Dr Paul Hutchison: Does he think that ordinary New Zealanders reacted in the same questioning way as he and the Prime Minister did when they learnt that nine members of the selection panel appeared to have $6 million out of a total of $38 million to fund their own project, and when will the reports that both he and the Prime Minister called for be released?

I will start with the end of that question. I made it clear I had not called for a report. I regard the Marsden Fund as a well-run body. The Prime Minister is able to access, and is accessing, directly from the Marsden Fund its reports on how it is run. She understands that it is well run. I cannot remember the first part of the member’s question, because it was probably as silly as the rest of it.

Madam SPEAKER: No, that comment was not acceptable. I remind members that if they include in supplementary questions more than one thought or statement, then the Minister has to address only one of them.

Dr Paul Hutchison:
Does the Minister agree with me that in a democracy such as New Zealand, it is absolutely appropriate to have open debate about our most prestigious science fund—particularly over the issues of quality, good process, and adequate funding—and does he commit himself to championing science at a time when the total science investment in New Zealand is less than half of the OECD average?

Hon STEVE MAHAREY: Yes, it is appropriate to have open debate; and yes, I intend to champion research in this country. But I would say to the member opposite, who is the research, science, and technology spokesperson for National, that the chief researcher of the research that he chose to criticise was not the associate professor whom he singled out—because of her lesbianism, no doubt—
Madam SPEAKER: Would the member please refrain from such comments.

Hon STEVE MAHAREY: The researcher is Professor Barry Reay DPhil, University of Oxford, BA (1st Class Hons), University of Adelaide. He is someone the member may like to pick up the phone and ring. That person is an expert in the cultural history of sex. He is a gynaecologist; perhaps he and the member could have a good conversation.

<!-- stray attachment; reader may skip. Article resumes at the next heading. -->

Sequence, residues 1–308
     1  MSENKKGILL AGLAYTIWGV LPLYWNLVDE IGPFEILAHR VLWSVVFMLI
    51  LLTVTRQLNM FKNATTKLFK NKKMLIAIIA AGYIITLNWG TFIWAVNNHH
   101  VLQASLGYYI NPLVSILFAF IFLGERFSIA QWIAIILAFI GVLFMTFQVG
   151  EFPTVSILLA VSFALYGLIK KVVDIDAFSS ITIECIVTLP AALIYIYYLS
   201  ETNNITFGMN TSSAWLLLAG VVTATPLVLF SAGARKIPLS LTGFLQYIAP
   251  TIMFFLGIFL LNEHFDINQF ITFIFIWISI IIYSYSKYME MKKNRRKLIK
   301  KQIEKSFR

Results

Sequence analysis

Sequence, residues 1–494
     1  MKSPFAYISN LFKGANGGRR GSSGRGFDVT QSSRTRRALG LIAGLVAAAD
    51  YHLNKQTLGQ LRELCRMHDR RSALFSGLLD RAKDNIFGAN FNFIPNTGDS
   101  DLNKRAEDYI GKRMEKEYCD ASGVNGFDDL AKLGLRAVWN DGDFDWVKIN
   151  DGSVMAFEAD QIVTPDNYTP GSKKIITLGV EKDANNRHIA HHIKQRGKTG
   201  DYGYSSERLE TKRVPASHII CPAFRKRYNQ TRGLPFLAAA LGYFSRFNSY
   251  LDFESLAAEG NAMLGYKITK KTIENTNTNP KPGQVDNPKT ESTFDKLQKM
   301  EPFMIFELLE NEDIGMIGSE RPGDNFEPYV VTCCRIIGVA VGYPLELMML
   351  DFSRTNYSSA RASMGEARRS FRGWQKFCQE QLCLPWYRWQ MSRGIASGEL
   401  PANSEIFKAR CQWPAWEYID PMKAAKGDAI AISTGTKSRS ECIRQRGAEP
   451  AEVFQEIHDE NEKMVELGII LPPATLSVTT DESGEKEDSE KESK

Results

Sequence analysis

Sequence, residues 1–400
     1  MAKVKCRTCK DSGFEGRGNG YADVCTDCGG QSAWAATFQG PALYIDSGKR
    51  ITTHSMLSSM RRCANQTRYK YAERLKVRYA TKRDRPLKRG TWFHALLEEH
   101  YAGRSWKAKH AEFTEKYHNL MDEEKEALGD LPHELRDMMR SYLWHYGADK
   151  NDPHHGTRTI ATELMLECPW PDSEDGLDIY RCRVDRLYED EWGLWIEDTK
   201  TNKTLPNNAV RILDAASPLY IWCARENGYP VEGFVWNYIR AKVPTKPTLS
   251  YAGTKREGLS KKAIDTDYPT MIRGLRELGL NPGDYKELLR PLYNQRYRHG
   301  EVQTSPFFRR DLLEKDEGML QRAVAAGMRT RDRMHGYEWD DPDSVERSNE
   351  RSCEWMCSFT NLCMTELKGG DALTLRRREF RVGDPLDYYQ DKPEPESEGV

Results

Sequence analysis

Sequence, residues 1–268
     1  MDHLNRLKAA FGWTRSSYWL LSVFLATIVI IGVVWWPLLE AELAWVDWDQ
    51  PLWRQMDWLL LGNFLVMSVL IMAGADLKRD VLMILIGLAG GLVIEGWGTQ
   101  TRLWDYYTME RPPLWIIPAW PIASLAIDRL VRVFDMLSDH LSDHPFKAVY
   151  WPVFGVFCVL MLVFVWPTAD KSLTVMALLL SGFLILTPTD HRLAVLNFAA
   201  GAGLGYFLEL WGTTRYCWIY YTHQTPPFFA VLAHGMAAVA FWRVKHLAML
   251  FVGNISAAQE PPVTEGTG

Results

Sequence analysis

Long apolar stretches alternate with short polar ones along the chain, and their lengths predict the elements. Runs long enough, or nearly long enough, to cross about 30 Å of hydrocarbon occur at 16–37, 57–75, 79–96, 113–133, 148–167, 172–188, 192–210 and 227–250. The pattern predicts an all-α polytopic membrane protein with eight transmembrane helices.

Annamarie Jagose – by the way – is a professor in the Faculty of Arts at Auckland University.

She tells us about herself on the university website.

My research comes out of the intersection between queer and feminist theory and, since 1994, I have published three monographs and a number of essays in this area.

Since 2003, I am co-editor of GLQ: A Journal of Lesbian and Gay Studies (Duke University Press). I am also an editorial or advisory board member of three other international peer-reviewed journals in feminist and sexuality studies—Australian Feminist Studies (Routledge), Feminist Theory (Sage and University of Leeds) and Genders (

My current research project is “Orgasmology,” a cultural history of the unique compactions of cultural meaning that have accrued to orgasm as well as the wide repertory of narratives that have taken orgasm as their figural vehicle across the twentieth century. In 2004, I was awarded a Vice-Chancellor’s Strategic Research Development Award (2005-2006) to advance this research. Also as part of this work, I am currently a member of a collaborative UoA team funded with a Marsden Fund Grant from the Royal Society of New Zealand to work on a collaborative three-year project “Acts and Identities: Toward a New Cultural History of Sex” (2007-2009).

I am also a novelist and have published three novels in alternation with my scholarly monographs. My latest novel, Slow Water, is a work of historical fiction about an Antipodean same-sex sexual scandal and won major literary awards in both Australia and New Zealand: the Vance Palmer Prize for Fiction at the Victorian Premier’s Literary Awards and the Deutz Medal for Fiction at the Montana New Zealand Book Awards.

Alf has no interest in the cultural history of sex, the study of which secured Jagose her Marsden Fund dosh. Indeed, as he gets older, he is losing his interest in sex, full stop. It gets in the way of his whisky tasting.

He is interested in seeing public money properly spent and he does wonder about the Marsden Fund’s ideas of a worthy project.

Oh, and maybe a phone call to Prof Jagose is timely, for a progress report on how she has spent our money.